Senator John McCain: I see, it's somebody else's responsibility. Well I want to tell you for sure that until we get that independent assessment there should be no concrete plans made by the Secretary of Defense or the Defense Department until we have a chance to examine the assessment and then go through the authorization process or any expenditure of funds that need to be made in order to get this redeployment issue into some kind of sanity. Believe me, we acted -- as is our responsibility -- because of our intense frustration about the lack of progress on this issue. And now, two-and-a-half months go by they haven't even let a contract to get an independent assessment by the way. And we wanted it to be completed by the first of April, the end of March, which obviously cannot happen. I'm not going to let you continue to slow walk us on this issue. Just to put things in perspective, on the F35, again, we started the program in 2001, cost estimates for a couple of thousand aircraft, 2456 aircraft were going to be $238 billion. We've now had additional costs of $150 billion. A hundred fifty additional billion dollars in cost. Block IV, as I understand it, please correct me if I'm wrong, General Amos, Block IV, 32 aircraft which are approximately fifty-percent complete are not $500 million over original estimated costs. Are those figures wrong?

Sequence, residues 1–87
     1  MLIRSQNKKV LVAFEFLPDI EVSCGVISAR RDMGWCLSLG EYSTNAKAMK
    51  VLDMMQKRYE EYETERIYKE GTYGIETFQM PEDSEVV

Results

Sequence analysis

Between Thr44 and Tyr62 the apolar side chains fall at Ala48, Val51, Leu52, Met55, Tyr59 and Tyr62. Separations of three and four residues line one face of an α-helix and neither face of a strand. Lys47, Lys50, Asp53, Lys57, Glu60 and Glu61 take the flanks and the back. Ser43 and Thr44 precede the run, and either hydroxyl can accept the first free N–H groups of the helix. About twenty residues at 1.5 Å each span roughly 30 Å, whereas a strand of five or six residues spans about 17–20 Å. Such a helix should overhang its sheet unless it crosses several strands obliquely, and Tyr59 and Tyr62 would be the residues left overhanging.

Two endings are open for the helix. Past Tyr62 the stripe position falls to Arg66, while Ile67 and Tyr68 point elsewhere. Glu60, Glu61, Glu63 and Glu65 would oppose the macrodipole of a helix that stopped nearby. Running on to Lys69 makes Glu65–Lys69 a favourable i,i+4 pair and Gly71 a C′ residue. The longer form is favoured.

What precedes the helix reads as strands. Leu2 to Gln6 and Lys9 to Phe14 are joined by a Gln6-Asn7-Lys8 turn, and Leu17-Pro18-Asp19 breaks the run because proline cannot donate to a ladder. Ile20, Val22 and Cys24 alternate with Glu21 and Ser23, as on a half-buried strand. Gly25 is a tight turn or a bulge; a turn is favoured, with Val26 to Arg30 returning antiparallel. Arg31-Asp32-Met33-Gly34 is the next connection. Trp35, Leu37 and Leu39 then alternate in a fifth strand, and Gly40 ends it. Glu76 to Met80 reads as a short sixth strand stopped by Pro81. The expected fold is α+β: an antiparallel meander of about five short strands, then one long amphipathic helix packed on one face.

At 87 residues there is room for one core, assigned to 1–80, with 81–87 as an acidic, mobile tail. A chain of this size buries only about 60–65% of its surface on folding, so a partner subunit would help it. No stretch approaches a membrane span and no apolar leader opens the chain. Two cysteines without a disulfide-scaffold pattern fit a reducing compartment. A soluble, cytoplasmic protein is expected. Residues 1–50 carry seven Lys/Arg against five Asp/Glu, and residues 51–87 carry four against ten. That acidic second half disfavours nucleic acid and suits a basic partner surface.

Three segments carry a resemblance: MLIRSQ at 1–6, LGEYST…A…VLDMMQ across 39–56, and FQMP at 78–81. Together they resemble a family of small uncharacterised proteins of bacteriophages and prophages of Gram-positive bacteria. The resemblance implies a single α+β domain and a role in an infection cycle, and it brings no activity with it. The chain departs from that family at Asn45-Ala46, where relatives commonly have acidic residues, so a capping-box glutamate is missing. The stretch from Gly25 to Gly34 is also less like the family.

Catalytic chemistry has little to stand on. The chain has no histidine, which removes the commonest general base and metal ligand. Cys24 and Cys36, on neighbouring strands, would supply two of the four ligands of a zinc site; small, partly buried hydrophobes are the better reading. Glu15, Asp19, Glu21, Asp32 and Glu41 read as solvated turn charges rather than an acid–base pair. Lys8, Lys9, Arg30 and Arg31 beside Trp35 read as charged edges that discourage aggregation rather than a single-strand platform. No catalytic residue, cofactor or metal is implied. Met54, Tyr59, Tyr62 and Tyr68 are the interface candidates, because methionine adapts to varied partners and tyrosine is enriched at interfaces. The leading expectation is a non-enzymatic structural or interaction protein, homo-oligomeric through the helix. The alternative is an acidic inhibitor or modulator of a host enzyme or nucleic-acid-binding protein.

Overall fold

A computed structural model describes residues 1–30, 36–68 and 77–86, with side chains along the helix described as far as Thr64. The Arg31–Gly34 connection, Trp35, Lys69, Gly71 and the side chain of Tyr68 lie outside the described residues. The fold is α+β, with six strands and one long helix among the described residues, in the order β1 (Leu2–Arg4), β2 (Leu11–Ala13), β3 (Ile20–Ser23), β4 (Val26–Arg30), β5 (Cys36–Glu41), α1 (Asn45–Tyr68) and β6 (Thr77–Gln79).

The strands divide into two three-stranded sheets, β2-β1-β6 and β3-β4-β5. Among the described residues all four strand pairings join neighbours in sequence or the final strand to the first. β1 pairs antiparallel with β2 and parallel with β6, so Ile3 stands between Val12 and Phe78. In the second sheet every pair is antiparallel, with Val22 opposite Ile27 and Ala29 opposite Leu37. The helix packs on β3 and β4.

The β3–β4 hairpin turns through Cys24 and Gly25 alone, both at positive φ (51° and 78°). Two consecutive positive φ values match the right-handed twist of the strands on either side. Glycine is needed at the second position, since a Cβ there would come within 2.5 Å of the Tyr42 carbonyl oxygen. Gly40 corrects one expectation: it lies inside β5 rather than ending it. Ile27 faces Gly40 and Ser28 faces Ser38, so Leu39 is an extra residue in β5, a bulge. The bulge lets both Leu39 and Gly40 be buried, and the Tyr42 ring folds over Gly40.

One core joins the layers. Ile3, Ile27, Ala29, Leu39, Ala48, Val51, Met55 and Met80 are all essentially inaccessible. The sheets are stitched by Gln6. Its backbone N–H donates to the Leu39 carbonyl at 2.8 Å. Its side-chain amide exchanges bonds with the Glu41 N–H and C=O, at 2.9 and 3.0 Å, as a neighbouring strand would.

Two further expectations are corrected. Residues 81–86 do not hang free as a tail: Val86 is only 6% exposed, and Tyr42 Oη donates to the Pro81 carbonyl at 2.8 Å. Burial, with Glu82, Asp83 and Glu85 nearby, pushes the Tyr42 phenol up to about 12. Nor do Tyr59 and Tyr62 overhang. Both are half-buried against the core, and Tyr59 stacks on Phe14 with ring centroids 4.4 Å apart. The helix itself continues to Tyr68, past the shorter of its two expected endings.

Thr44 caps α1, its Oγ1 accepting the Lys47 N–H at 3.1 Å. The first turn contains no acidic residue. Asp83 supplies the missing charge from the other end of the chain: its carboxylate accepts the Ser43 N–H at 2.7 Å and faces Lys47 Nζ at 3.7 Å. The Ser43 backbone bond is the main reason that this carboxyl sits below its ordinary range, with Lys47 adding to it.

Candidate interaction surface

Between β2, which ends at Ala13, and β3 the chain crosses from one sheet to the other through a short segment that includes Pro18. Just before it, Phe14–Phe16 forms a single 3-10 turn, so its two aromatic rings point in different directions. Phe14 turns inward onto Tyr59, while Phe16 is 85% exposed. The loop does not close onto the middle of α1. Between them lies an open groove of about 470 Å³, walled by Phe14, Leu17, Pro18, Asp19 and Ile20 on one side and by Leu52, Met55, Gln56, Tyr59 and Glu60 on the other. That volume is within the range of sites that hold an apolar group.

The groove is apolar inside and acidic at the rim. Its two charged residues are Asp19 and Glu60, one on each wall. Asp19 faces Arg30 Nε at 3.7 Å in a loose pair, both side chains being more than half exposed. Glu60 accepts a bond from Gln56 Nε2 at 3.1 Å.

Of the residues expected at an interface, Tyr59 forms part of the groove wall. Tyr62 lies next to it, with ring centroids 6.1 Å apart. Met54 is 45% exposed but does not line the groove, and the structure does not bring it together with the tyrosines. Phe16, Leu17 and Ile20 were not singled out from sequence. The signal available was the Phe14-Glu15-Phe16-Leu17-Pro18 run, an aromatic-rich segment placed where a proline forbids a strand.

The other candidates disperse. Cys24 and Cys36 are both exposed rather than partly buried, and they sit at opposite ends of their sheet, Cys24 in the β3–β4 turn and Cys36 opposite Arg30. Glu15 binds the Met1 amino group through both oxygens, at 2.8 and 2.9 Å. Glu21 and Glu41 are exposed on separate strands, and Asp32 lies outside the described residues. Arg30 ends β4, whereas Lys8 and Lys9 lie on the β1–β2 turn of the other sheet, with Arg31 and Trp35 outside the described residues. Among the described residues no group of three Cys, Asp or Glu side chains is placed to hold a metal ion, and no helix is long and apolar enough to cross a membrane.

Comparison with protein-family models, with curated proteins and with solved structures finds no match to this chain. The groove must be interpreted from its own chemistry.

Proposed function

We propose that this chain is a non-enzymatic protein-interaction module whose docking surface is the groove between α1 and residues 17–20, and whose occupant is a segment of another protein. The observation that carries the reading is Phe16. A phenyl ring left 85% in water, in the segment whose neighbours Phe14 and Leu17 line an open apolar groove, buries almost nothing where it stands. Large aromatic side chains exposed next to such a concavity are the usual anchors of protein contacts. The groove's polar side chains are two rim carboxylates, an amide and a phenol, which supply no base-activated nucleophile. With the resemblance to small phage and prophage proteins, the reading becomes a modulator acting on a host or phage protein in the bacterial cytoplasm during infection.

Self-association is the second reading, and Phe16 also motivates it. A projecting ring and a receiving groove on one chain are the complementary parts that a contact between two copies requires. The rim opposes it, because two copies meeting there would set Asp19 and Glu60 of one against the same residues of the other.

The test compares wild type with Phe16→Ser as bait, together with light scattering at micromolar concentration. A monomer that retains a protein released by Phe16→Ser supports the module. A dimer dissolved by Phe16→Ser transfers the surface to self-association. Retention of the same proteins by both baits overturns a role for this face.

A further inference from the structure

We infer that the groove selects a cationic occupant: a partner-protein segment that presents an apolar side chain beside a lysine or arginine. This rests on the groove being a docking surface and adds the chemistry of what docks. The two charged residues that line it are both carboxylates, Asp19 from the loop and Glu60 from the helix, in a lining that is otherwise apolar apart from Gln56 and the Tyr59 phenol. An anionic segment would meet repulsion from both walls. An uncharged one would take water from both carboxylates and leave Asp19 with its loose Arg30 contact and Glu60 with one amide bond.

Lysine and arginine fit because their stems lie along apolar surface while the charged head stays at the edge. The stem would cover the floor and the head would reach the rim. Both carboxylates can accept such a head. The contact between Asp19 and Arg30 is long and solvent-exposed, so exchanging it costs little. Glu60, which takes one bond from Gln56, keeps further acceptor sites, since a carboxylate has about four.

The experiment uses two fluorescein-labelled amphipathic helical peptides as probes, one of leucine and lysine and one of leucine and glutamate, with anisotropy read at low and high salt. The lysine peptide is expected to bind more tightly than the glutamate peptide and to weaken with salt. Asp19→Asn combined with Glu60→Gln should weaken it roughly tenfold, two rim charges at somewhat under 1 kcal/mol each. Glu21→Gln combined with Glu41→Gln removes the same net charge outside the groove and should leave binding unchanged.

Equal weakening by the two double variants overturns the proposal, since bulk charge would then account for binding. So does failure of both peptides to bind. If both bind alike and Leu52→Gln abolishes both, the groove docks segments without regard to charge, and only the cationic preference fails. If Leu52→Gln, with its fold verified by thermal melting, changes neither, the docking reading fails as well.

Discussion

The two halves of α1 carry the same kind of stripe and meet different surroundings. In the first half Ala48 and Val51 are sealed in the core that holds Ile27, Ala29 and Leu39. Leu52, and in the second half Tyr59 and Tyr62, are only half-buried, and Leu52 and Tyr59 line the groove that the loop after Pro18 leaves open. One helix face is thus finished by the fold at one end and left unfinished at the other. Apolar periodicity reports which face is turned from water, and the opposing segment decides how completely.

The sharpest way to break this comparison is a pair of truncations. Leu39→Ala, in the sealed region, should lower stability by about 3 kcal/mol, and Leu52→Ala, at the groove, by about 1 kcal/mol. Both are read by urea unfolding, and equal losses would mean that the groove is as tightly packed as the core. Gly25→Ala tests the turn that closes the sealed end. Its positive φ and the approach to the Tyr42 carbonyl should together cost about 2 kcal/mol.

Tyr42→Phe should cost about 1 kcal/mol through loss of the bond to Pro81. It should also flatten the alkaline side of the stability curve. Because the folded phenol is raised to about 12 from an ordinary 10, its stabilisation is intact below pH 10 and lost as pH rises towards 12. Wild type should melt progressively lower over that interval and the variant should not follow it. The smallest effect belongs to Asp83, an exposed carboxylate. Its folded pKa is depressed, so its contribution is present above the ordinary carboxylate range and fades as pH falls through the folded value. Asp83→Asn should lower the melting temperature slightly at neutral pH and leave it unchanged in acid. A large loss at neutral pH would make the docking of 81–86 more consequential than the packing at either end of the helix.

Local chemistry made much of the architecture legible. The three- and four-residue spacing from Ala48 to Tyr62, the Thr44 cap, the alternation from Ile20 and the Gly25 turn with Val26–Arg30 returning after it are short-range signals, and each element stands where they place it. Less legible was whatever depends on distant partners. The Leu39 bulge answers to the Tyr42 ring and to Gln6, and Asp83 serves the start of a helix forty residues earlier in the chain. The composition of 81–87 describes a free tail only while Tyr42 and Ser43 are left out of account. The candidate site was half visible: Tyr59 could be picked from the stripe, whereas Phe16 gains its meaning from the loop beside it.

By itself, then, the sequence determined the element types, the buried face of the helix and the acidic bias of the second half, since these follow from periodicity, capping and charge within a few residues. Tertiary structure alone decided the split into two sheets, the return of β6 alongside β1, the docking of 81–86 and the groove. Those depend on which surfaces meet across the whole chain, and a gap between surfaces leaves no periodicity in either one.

General James Amos: Senator, I can't say whether the figures are wrong or not. Uhm --
Senator John McCain: Do you know what the original costs were supposed to be, General?
General James Amos: Oh, I do. I was the --
Senator John McCain: Alright, was [cross-talk] Is that fact, is that fact wrong?